The issue of food waste around the world tends to happen at different points in the supply chain. For higher income countries (Europe, North America & Oceania and Industrialised Asia) food waste occurs more at a consumption level as opposed to lower income countries where it is lost in the processing and transport phase of the supply chain. For lower income countries, working on creating better connectivity and efficiency in the supply chains will help reduce waste. Whereas in higher income countries, education and awareness is needed at a consumer level. Also portion control at restaurants and in supermarkets can help reduce this waste in higher income countries.
I think will become a growing topic over the next few years as the circular economy and closed loop agriculture become more common.
Example: Tel Aviv City in Israel was responsible for making the recent Eurovision a zero-waste event. They developed a strategy to reduce waste at the event and to create recycling systems that ensured nothing went to landfill! Their approach to working with vendors, local NGOs and the Eurovision committee was really inspiring and will hopefully set a new standard for big events like this in the future.
Building Strong Networks
As the pact continues to grow through more cities around the world, it is evident that the stronger countries are the ones with developed networks. There were many references to regional working groups and how food policy offers from different cities are working together to solve common challenges.
Example: The United States of America has a food policy advisor network of 17 cities who share their work and insights to allow other cities to grow their impact. A Baltimore City representative spoke about how they shared their food mapping tool with Austin which helped them to research and implement the project with greater efficiency. They also now have a food fund because they were able to use an existing model from other cities that had already implemented it.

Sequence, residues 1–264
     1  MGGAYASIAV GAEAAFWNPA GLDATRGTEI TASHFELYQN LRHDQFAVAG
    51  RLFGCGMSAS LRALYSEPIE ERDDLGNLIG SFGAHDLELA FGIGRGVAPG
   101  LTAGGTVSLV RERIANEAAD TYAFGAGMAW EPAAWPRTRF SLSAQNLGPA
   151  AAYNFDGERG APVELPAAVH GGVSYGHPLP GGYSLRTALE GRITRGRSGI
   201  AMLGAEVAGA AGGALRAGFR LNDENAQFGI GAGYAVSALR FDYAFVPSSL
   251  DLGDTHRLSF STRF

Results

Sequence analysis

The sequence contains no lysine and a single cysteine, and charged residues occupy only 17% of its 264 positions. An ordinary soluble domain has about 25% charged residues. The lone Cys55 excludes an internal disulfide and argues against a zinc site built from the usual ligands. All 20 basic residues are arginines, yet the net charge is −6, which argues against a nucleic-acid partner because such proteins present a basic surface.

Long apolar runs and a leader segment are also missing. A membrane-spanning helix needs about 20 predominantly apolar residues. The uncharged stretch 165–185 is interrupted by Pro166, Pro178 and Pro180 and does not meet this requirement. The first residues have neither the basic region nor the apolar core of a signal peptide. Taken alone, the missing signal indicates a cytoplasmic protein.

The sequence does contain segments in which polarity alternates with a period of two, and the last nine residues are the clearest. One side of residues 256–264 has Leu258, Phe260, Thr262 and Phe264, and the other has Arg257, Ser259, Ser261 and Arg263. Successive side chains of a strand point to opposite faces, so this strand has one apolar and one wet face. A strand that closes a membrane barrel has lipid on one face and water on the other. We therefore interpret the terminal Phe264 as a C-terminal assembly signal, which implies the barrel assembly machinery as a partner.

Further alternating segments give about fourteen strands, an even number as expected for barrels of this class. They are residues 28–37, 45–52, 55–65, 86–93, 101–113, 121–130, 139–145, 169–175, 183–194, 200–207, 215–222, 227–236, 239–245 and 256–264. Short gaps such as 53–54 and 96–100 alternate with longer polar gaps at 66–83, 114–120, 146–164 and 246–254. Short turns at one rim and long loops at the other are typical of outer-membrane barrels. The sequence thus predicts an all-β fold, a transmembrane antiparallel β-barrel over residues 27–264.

The food system is complex which needs a mix of partners to solve the challenges faced. Many of the examples seemed like small initiatives however they were all part of a broader plan by local cities to transform the system to ensure environmental sustainability and healthier population. The cities that seemed most effective were the ones where the mayors truly believed that food is important and requires dedicated resources to drive the change. Many food policy officers spoke about how their role is unique and that in many cities around the world there still are not dedicated roles. Another trait of successful food policy in cities were often led by residents. The teams who engaged their community early to help establish the food policy agenda often saw higher adoption of programs which increase the impact. Lastly, it was evident that successful leaders focused on policy rather than a series of high cost programs or initiatives. Focusing on the policy first allowed for more systemic change and then programs or initiatives underpinned the policy. This allowed for more sustainable, long term outcomes for both the city and the residents.